The Tappan Zee river crossing was named by 17th century Dutch settlers.[7] The Tappan Zee Bridge is the only crossing of the Hudson between Westchester and Rockland counties. The original Tappan Zee Bridge was a cantilever bridge built from 1952 to 1955.[8][9] The bridge was 3 miles (4.8 km) long and spanned the Hudson at its second-widest point. It was the longest bridge in New York State, at a length of 16,013 feet (4,881 m) including approaches.[10] Built immediately after the Korean War, the bridge had a low construction budget of only $81 million and a designed life-span of only 50 years.[11] During its first decade, the bridge carried fewer than 40,000 vehicles per day.


By the start of the 21st century, the old Tappan Zee Bridge was "decaying" and "overburdened".[11] The deteriorating structure bore an average of 140,000 vehicles per day, substantially more traffic than its designed capacity.[12] The collapse of Minnesota's I-35W Mississippi River bridge in 2007 raised worries about the Tappan Zee Bridge's structural integrity.[13] These concerns, together with traffic overcapacity and increased maintenance costs, escalated the serious discussions already ongoing about replacing the Tappan Zee with a tunnel or a new bridge.[14][15] Six options were identified and submitted for project study and environmental review.[16]

Aerial view of the new Tappan Zee Bridge being constructed next to the existing Tappan Zee Bridge (August 2016)

The Federal Highway Administration issued a report in October 2011 designating the Tappan Zee's replacement to be a dual-span twin bridge. The new bridge was to be built a few yards to the north of the existing bridge, connecting to the existing highway approaches of the New York State Thruway (I-87/I-287) on both river banks.[17] The New York State Thruway Authority requested design proposals from four companies in 2012 and eventually received three project proposals.[18][19] The authority awarded a $3.142 billion contract to Tappan Zee Constructors (TZC), whose proposal was not only the least expensive but also promised the shortest construction timeline and included plans to minimize environmental impact.[20][19]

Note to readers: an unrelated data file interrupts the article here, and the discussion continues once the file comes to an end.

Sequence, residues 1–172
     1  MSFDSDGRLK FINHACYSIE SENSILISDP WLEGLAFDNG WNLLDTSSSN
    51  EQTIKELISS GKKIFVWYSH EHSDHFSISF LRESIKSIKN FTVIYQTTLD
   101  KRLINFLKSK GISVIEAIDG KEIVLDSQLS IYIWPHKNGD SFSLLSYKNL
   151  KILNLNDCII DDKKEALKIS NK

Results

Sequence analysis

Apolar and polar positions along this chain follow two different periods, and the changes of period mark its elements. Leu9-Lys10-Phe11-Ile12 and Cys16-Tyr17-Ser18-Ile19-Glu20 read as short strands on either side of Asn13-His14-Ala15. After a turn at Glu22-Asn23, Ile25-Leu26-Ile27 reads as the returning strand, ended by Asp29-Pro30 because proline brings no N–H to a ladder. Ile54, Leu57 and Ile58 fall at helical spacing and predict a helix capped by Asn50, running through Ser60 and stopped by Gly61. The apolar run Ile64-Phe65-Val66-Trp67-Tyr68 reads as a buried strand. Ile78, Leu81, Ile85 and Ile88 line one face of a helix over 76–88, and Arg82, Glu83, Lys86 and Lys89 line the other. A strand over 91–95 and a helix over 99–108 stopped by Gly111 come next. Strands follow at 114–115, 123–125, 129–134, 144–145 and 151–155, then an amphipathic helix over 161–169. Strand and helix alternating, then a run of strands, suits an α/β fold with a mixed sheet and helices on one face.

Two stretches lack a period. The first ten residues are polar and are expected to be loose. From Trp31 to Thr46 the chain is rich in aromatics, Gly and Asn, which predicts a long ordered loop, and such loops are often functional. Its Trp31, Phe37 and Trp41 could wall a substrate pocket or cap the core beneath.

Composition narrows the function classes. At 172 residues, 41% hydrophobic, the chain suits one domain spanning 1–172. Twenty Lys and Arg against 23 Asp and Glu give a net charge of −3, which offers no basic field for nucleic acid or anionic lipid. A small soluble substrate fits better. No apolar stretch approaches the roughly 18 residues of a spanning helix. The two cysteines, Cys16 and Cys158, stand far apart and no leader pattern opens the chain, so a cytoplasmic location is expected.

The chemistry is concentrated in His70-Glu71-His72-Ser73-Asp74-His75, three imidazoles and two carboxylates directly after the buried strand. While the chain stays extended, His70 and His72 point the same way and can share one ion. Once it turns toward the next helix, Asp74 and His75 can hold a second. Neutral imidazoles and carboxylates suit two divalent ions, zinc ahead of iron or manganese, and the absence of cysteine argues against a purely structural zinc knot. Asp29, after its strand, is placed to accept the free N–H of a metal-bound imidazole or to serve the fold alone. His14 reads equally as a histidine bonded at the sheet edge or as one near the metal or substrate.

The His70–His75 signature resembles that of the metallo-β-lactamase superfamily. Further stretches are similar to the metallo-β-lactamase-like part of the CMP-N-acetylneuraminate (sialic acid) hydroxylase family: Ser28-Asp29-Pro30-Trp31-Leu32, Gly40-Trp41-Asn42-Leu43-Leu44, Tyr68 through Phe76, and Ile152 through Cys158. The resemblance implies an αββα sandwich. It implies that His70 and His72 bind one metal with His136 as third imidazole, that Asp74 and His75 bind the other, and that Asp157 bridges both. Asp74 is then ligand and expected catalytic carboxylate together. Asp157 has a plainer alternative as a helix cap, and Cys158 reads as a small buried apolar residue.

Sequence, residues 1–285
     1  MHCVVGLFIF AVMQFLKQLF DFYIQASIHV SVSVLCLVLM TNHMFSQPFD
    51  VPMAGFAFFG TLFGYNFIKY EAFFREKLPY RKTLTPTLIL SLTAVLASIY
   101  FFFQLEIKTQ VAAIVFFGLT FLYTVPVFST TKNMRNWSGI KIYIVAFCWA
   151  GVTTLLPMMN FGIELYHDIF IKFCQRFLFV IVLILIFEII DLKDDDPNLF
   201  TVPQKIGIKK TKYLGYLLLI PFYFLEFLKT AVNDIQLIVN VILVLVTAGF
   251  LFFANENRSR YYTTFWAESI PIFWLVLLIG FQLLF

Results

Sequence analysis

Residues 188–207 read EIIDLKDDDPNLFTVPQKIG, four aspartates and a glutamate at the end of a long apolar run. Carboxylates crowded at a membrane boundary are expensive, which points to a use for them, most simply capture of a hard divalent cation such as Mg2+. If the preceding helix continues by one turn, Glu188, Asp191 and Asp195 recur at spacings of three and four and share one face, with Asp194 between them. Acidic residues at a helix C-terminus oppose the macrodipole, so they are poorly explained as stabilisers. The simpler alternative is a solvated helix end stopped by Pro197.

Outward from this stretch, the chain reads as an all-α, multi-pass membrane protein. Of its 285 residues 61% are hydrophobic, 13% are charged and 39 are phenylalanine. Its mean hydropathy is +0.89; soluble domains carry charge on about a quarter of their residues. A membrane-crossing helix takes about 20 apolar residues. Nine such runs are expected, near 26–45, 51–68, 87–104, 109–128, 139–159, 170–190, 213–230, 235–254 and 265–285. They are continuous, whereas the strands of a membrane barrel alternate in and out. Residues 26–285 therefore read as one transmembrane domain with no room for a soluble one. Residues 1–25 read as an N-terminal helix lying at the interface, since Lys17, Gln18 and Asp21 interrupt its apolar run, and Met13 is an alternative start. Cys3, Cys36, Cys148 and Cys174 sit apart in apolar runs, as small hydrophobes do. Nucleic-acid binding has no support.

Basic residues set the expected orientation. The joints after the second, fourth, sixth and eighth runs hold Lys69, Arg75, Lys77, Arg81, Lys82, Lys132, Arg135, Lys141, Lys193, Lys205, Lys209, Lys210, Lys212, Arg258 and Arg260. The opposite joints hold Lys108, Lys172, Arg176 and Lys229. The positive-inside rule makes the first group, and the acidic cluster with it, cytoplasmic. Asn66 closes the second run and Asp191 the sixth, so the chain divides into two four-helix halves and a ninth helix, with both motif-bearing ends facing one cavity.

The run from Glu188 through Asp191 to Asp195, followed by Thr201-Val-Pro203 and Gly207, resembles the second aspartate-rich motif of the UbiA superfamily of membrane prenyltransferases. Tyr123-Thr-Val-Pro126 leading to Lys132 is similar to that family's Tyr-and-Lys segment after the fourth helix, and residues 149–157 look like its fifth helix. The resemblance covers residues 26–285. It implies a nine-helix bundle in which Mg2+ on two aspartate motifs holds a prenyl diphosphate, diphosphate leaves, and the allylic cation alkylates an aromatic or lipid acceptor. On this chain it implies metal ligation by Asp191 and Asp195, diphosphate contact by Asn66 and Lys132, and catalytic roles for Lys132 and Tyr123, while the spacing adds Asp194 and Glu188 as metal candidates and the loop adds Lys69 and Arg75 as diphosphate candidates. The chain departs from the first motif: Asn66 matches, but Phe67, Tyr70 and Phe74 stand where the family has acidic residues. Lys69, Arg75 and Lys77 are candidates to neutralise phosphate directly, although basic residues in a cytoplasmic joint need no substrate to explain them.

Originally, some motorists thought that bridge tolls could more than double (to $12-$15 for automobiles, eastbound only), rising to those of New York City's Hudson River crossings.[21] However, the state passed legislation freezing the toll on the bridge at $5 through 2020 in its 2016 legislative session.[22]

The new Tappan Zee Bridge was proposed to include four vehicle lanes on each span, for a total of eight lanes, as well as a shared-use bicycle and pedestrian path. Like its predecessor, the new Tappan Zee Bridge is to be administered by the New York State Thruway Authority. The authority is the project co-sponsor, along with the state Department of Transportation.[17]